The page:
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common misconceptions about long-term travel

This blog post is about to get real. It's time to address the most common misconceptions about long-term travel. We are going to debunk the statements below and hopefully clear up what it means to be a full-time traveler.

Here's a little secret.

Long-term travel can be physically exhausting. It can be mentally fatiguing. It can (and will be) sweaty and stinky. But, we can assure you that it's always worth it.


That a plan is always in place.

When most people head out on vacation, they either have a day-by-day itinerary or a list of activities they'd like to participate in. However, traveling long-term is quite the opposite. First of all, planning is exhausting and can easily consume 75% of every day. No one wants to miss out on the sights in front of them because they're planning for the future. Second, new opportunities present themselves when you least expect them. This could mean meeting new friends and opting to travel with them instead of sticking to your original plans. This could mean meeting a local and being invited to stay at their house. Third, we are humans and often make decisions that are a complete 180 from what we planned.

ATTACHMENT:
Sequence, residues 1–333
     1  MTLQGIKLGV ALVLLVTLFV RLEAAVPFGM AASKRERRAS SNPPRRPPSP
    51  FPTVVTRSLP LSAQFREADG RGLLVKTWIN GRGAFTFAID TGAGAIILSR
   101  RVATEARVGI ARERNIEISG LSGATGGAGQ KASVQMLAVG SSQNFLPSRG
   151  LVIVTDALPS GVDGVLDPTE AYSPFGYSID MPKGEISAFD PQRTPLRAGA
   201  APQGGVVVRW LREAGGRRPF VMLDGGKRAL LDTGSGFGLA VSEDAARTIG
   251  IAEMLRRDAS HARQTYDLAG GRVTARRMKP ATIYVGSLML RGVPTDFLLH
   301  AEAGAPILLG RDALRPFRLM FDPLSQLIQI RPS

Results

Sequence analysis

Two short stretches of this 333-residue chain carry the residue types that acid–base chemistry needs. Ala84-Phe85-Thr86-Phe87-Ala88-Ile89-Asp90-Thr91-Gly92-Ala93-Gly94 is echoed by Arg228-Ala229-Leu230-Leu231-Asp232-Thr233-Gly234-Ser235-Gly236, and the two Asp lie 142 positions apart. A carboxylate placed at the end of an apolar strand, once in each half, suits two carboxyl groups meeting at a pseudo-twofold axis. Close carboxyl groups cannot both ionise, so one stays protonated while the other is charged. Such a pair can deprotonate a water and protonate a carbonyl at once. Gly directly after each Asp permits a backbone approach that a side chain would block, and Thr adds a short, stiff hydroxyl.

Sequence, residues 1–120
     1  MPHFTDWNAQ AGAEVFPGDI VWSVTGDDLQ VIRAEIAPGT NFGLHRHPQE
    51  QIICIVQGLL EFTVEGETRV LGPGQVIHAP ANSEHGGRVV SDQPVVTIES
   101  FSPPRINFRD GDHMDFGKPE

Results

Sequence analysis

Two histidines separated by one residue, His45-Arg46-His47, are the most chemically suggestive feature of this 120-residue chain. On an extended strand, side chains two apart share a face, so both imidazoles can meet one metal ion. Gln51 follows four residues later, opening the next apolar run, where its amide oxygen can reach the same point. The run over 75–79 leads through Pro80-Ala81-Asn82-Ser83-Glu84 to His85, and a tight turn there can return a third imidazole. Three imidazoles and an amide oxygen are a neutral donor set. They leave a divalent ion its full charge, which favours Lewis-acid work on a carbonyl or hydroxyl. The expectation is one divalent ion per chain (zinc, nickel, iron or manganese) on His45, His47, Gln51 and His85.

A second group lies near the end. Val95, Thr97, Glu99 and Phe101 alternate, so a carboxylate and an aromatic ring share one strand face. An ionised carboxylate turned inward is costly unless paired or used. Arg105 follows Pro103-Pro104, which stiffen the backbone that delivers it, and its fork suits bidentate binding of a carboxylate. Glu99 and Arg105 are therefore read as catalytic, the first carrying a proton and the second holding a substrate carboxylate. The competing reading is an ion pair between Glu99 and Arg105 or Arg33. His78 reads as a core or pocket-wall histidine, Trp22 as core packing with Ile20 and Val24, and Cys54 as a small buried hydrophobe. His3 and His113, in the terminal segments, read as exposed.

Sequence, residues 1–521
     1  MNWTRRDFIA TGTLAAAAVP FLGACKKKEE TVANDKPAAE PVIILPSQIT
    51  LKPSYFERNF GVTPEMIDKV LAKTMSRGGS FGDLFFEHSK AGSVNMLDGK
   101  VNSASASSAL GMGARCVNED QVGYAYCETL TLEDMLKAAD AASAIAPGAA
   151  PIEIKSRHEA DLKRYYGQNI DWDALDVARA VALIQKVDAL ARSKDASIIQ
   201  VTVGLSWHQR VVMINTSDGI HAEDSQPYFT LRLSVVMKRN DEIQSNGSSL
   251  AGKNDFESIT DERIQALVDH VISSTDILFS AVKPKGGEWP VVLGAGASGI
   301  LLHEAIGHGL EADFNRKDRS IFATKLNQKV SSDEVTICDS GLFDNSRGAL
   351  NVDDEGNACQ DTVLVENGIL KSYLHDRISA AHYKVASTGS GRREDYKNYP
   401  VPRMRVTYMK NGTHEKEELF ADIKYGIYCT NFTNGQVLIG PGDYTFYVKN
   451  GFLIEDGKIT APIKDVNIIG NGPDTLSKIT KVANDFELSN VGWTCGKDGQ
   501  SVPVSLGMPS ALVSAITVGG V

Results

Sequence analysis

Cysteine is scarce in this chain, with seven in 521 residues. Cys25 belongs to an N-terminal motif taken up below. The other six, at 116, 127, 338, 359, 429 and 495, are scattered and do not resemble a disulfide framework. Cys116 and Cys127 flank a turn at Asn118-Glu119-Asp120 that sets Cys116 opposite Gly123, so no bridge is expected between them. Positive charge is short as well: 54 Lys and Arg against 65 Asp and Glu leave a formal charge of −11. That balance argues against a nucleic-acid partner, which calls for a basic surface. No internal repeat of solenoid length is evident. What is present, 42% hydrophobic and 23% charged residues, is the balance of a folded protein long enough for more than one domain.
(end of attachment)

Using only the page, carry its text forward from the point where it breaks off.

Remember that time last summer when we almost bought a house in Fort Collins and then decided a few months later to move to Mexico instead? Or that time in Da Nang, Vietnam where we committed to teaching at an international school for 15 months and backed out at the last minute? Or the time we planned to travel Taiwan and Japan and instead found ourselves jet-lagged and freezing cold in Argentina? Yeah, us too. We don't always have a plan. In fact, we've learned to kind of love the spontaneity and uncertainty of what the future holds.